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A/C Standing On Tail At Ramp  
User currently offlineCFIjames From United States of America, joined Aug 2004, 87 posts, RR: 0
Posted (10 years 2 months 14 hours ago) and read 2284 times:

We've all seen pictures of various aircraft, usually cargo, standing on their tails after improper loading/unloading of cargo. My question is how do they get the planes back down to level again. It would be pretty funny if they just shifted the weight back forward again and let the nose come down, but i doubt that is the case. Crane? Airbags? Couple thousand rampers holding it down?

There are 3 simple rules for making a perfect landing every time. Its a shame that no one knows what they are.
8 replies: All unread, jump to last
User currently offlineCancidas From Poland, joined Jul 2003, 4112 posts, RR: 11
Reply 1, posted (10 years 2 months 13 hours ago) and read 2252 times:

my understanding is that you set up cranes to lift the rear section, as well as cranes to slowly lower the front of the a/c. i doubt that any local emergancy service would have enough airbags to lift an a/c back into it's proper position.

"...cannot the kingdom of salvation take me home."
User currently offlineOkie From United States of America, joined Jul 2003, 3196 posts, RR: 3
Reply 2, posted (10 years 2 months 13 hours ago) and read 2252 times:

They just have the F/A slowly walk back to the front of the plane. Just kidding.

Airbags usually and or a combination or using mechanical devices to pull some cargo uphill in the cargo hold to decrease the amount of lifting required at the rear of the aircraft. That's assuming someone was not trapped behind a pallet of freight that goes rolling down hill in a hurry.


User currently offlineDl757Md From United States of America, joined May 2004, 1562 posts, RR: 16
Reply 3, posted (10 years 2 months 13 hours ago) and read 2243 times:

I don't have an answer to your questions however I do have a video of a planet airways 727 going on it its tail. I can e-mail it to you. I'm also looking for someone to host it so I can link it from a post over in the civil av section.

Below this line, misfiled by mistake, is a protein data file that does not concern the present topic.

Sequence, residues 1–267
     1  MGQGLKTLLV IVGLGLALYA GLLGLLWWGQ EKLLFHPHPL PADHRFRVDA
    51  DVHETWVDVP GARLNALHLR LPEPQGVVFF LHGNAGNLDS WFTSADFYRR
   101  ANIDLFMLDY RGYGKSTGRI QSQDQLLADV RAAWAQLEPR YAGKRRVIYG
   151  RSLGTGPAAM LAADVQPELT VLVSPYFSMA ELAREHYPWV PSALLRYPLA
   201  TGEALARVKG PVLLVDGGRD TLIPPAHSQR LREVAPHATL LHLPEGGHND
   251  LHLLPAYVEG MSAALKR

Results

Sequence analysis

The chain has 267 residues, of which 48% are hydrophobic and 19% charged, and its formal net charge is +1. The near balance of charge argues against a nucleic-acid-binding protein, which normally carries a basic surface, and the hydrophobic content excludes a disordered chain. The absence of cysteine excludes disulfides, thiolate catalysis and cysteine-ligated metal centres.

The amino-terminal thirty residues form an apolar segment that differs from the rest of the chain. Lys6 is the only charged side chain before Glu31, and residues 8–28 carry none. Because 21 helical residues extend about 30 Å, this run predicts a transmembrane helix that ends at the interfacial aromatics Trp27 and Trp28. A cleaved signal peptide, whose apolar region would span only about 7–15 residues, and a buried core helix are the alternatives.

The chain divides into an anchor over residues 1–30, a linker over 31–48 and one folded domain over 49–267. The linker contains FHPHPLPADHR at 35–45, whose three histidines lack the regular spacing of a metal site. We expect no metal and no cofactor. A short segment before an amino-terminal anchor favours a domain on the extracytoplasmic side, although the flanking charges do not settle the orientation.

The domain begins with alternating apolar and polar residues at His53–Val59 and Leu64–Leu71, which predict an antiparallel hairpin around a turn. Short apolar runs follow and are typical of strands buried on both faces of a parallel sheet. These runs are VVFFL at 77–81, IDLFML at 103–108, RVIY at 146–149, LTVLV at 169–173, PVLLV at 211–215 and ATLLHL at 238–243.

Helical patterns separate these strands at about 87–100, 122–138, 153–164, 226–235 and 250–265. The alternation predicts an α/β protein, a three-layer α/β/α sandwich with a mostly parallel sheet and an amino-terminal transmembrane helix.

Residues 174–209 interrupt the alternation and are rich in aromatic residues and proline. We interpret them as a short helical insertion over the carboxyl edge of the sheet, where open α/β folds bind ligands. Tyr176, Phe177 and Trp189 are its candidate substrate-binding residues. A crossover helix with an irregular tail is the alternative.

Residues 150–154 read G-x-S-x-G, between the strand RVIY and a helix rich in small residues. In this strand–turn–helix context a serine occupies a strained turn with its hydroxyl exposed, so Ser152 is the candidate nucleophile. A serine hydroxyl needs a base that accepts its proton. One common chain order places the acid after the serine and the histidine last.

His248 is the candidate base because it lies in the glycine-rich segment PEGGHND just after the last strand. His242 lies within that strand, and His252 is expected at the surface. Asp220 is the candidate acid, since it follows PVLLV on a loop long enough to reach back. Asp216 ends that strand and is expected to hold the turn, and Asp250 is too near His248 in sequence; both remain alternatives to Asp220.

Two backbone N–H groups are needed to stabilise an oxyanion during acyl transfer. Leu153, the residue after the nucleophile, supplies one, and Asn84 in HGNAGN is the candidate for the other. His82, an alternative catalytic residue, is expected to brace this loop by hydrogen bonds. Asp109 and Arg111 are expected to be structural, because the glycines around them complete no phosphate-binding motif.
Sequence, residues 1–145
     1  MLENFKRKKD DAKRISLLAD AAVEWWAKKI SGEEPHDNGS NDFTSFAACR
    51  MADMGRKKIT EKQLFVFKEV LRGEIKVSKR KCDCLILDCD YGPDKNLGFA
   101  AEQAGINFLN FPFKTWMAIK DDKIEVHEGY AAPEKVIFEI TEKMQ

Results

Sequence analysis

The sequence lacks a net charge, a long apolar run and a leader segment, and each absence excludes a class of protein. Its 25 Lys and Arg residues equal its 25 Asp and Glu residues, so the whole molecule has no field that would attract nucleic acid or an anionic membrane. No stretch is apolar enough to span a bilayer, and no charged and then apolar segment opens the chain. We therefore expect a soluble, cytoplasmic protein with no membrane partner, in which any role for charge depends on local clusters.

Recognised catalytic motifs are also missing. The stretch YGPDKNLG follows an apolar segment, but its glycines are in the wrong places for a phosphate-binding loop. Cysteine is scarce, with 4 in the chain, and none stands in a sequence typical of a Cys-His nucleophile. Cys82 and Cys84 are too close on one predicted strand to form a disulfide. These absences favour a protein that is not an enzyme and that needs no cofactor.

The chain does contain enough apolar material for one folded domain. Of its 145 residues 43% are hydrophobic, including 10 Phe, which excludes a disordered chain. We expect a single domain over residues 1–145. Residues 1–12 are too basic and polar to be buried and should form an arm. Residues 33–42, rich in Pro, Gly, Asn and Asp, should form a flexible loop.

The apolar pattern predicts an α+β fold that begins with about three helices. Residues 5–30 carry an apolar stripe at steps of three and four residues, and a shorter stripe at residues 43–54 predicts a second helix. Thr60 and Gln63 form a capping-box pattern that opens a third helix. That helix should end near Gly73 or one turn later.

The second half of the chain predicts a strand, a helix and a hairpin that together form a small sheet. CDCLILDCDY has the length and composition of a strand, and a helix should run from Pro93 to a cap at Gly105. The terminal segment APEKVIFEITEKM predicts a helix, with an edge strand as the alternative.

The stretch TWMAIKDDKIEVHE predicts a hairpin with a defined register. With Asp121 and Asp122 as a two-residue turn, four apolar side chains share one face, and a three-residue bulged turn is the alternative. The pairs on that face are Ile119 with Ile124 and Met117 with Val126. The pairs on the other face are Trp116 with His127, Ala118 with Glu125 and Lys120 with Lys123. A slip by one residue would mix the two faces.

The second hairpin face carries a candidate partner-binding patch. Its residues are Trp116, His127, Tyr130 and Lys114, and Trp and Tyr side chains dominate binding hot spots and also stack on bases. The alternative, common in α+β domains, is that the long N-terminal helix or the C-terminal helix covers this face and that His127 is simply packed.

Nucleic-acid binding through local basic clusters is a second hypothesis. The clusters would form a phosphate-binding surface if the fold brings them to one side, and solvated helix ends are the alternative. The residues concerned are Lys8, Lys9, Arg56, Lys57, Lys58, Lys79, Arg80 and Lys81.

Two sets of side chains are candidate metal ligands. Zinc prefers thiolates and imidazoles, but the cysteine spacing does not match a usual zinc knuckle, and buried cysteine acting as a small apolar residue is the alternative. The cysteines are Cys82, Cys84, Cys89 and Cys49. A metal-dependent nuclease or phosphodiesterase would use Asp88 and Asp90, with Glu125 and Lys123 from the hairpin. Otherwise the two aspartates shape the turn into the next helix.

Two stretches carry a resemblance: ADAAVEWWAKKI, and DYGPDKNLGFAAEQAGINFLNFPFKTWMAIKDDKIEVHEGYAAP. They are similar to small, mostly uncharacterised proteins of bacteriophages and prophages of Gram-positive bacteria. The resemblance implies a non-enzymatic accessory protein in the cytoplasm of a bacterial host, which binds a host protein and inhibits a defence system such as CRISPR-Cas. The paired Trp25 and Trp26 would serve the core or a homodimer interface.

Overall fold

757 Most beautiful airliner in the sky!
User currently offlineL-188 From United States of America, joined Jul 1999, 29840 posts, RR: 58
Reply 4, posted (10 years 2 months 7 hours ago) and read 2193 times:

Depends on how it ended up on it's butt in the first place.

About 1997 there was a windstorm at GFK and a Fed-Ex 727 ended up on it's tail. All they had to do to get it back down after was have a guy walk to the nose of the airplane after the storm ended.

User currently offlineAir2gxs From , joined Dec 1969, posts, RR:
Reply 5, posted (10 years 2 months 2 hours ago) and read 2149 times:

We had a jumbo sit on its tail at PanAm back in the late 80's. Al we did was have people move forward through the cabin until it nose came back down. Then we ballasted the forward pit to keep the nose on the ground.

User currently offlineCanadianNorth From Canada, joined Aug 2002, 3395 posts, RR: 9
Reply 6, posted (10 years 2 months 1 hour ago) and read 2124 times:

If the plane is on its tail, and everyone just moved forward to bring the nose back down, wouldn't that be a little hard on the nose gear?


What could possibly go wrong?
User currently offlineAir2gxs From , joined Dec 1969, posts, RR:
Reply 7, posted (10 years 2 months ago) and read 2114 times:

Not really. Our situation was that the body gear retracted and allowed the aircraft to pivot aft. There was minimal damage to the APU doors and just crushed a drain mast. Adding some weight forward at small increments forced the nose of the aircraft down. It didn't slam down, it just started down and settled on the nose gear as weight was added. Much lighter than a normal landing.

User currently offlineL-188 From United States of America, joined Jul 1999, 29840 posts, RR: 58
Reply 8, posted (10 years 1 month 4 weeks 1 day 14 hours ago) and read 2047 times:

Well you don't all run up to the nose as fast as you can CanadianNorth.

Think of it like a teetertotter.

There is a balance point where you can control the position.

Besides as Air2gxs mentioned, a landing isn't exactly a particluarly soft event for a nosegear strut in the first place.

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